So you’ve been working on your novel for years, and you can’t get it across the finish line. You’ve tried everything, and there’s just no more gas in your tank. What do you do when you just can’t finish that novel?
Meredith posted this question on my “Ask A Question For My Blog” page:
Big fan of yours over here. I love that you answer questions on your blog and thought this might be a good one for you.
I’ve been working on a novel for about 4 years now. It keeps shifting — the characters stay roughly the same, but the genres and plots change. I keep getting about 75%-80% of the way through an outline (either through Snowflake Method or my own) and then end up with a blockage. I’ve workshopped this book in a WIP format and got pretty discouraged by feedback both at the idea and at the word level. I took a 3 month break from it to work on other things and have returned, but keep having the same problem.
Is my issue psychological? Is it work ethic? Every time I think I’ve unraveled what this particular book is, I feel stuck again. Is it because my idea isn’t any good? Is it because I’m not any good? What gives?
I’m at a point where I’ve written probably a novel’s worth of content in many different scenarios, from many character viewpoints, as many different genres. I feel very lost in the woods here. Is there any way out?
Any advice you can offer would be appreciated. I’ve completed several shorter works in my day but never been able to crack a novella-length work. This one keeps eluding me.
Randy sez: I can sympathize, Meredith. Here’s why…
I’ve Been There
I’ve had projects that seemed to take forever. I’ve had projects that got me bogged down to a standing stop.
I was looking through my old files last weekend and came across my very first novel. Which I restarted several times, changing the title, changing the characters, changing the plot, changing a lot of things.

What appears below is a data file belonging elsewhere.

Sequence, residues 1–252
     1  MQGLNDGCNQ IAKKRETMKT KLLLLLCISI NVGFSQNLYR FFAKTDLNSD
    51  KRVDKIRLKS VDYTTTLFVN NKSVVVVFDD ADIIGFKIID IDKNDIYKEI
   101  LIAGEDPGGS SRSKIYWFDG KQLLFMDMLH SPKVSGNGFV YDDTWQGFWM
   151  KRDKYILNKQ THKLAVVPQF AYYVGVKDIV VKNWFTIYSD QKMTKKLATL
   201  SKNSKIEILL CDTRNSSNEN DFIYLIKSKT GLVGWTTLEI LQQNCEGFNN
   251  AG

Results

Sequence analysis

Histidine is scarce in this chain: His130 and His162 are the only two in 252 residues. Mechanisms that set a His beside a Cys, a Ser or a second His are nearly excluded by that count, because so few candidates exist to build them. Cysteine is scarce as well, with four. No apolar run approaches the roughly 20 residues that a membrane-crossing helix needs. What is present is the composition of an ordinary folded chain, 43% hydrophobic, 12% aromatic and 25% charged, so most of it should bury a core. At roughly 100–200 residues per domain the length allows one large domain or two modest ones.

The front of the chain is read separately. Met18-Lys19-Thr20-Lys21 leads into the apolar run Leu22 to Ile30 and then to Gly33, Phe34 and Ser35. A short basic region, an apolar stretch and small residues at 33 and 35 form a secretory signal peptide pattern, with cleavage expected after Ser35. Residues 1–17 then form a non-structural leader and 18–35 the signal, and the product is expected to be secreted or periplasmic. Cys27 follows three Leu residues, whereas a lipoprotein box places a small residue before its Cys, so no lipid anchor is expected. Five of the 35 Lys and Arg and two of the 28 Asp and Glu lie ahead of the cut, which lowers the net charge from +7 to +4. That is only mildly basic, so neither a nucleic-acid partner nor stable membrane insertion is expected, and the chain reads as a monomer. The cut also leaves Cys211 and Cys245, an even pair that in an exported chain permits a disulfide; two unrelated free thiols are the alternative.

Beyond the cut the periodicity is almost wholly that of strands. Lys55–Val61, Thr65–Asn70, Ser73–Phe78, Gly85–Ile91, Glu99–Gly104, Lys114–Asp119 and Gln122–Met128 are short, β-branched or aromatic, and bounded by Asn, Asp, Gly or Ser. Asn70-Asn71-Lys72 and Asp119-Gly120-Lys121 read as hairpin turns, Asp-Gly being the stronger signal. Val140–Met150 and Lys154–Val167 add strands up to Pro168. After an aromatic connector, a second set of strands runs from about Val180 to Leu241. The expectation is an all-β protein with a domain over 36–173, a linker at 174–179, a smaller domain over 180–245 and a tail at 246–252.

That novel never got published. I think someday I’ll come back to it and publish it, but it’s not burning a hole in my brain just now, so I’m working on a project that is.
In fact, the current project I’m working on is ridiculously hard. It’s a four-book series. Each book is very long. And I’m making good progress on it. I recently published Book 1 and I’m a few scenes away from finishing the first draft of Book 2.
In every measurable way, this project is massively more difficult than that first novel I tried.
How is it that I can do this hard project now, when I couldn’t publish that (much easier) project 25 years ago?
Writing Makes You Strong
The answer is time. I’m 25 years more experienced now than I was back then.
So as I was browsing through that story over the weekend, it occurred to me that the project wasn’t a failure.
It was a success—precisely because it taught me things I needed to learn. I wrote 5 or 6 unfinished or unpublished novels before I finally sold one. Each of those was a necessary stepping stone along the way. The value was in the doing, day in and day out, for years and years.
It wasn’t a failure to walk away from those projects. It was school, and I’m a better writer because of them. As I recall, Stephen King didn’t get published until his sixth novel. Those first five weren’t failures. They were metaphorically his kindergarten and his third grade and sixth grade and ninth grade and eleventh grade. Then he finally wrote one that worked, and he metaphorically graduated.
Switching Gears is OK
So Meredith, here’s my thinking. I might be wrong, because I don’t know enough about you and your writing, but I think you might have chewed all the sugar out of this particular piece of gum. You might be done with it. It might be time to move on to some other project. And give yourself permission to put this one away for good.
That’s not a failure. You developed crucial skills that you couldn’t possibly have developed any other way than by working on this project. Now you have those skills, and the next project will develop other skills that you also need.
I’m of course just guessing here, but I’d say to go write another book. It’s possible you won’t finish that one either, but the very act of working on that project will build “writing muscle” in you.
If you do that long enough, you’ll get to where you want to be as a writer.
Good luck! And please email me again in a year to let me know how things are going.
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